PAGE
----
ADB updates anti-corruption policy after Panama Papers

7 Jul 16

The Asian Development Bank has updated its anti-corruption policy to help member countries address the methods of tax secrecy and evasion unearthed in leaks like the Panama Papers.

In a statement released today, the bank highlighted that Asian nations accounted for over 60% of the estimated $5.6tn that developing countries are thought to have lost to illicit tax flows between 2001-10. It confirmed that it was committed to helping its members adopt best practice in light of recent global developments.

Clare Wee, head of the office of anti-corruption and integrity at the ADB, said that tax evasion, including the misuse of offshore structures to conceal wealth, deprives countries of badly needed income. It also provides a vehicle for other illicit activities like money laundering and terrorism financing, she said.

The use of secretive companies based in tax havens to shirk tax dues was brought to the fore in the publication of the Panama Papers, 11.5 million leaked documents from Panamanian-based law firm Mossack Fonseca. The leak sparked global outrage and renewed calls for transparency.

Wee said that as an international financial institution, the ADB has a global and regional role to play in promoting global tax transparency. She added the bank should help its member states combat such forms of tax evasion and protect their domestic tax bases.

The bank pointed out that a number of its members lack the capacity and expertise to comply with international standards on transparency. It was therefore hard for them to protect their tax bases against individuals and firms that aggressively plan their tax arrangements to lower their bills.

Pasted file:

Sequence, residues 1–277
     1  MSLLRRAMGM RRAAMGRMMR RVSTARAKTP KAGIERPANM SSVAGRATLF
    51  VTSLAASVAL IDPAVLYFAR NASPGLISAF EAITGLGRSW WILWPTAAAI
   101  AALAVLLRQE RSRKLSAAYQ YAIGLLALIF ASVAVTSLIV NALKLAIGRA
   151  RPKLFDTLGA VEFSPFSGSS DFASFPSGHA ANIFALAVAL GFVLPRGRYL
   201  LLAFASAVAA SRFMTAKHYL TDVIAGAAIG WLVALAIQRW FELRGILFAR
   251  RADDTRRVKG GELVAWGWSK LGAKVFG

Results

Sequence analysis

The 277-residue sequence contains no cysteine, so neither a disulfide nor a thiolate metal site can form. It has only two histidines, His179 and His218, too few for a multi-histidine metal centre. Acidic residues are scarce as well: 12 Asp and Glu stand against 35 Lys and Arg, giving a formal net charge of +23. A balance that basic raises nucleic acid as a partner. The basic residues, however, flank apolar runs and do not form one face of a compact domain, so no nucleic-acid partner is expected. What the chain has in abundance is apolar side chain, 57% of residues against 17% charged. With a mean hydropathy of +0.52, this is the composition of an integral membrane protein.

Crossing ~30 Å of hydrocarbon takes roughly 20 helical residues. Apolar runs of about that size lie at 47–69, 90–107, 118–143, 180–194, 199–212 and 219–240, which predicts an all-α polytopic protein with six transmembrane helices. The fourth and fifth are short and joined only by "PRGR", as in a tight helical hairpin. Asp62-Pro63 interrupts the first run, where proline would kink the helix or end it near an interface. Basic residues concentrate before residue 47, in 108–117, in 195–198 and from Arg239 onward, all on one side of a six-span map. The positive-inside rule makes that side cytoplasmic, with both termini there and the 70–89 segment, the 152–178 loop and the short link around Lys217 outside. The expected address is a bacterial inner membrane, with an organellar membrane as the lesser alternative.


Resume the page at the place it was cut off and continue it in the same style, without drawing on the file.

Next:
The policy update is designed to help such countries implement best practice and assess the risk of tax evasion and other integrity issues.

It includes measures to strengthen tax integrity at country and project levels. It also includes a commitment to provide technical assistance to ADB’s developing member countries to help them stem evasion and participate in global initiatives that might otherwise be out of their reach.

The main such initiative is the OECD’s Base Erosion and Profit Shifting (BEPS) recommendations, announced last year, which intend to overhaul the international tax architecture and close the loopholes exploited by multinational firms to avoid paying taxes.

While credited as a step forward, the BEPS project has been criticised for not going far enough, for putting the interests of the OECD’s wealthy members ahead of developing countries, and for being difficult for countries with low capacity to employ.

The ADB said its policy will support the work of the OECD, as well as other global initiatives including the Global Forum on Tax Transparency and Exchange of Information for Tax Purposes, and the United Nations.

The update will now go to the ADB’s board of directors for consideration and approval, which will be expected in the fourth quarter of 2016. 

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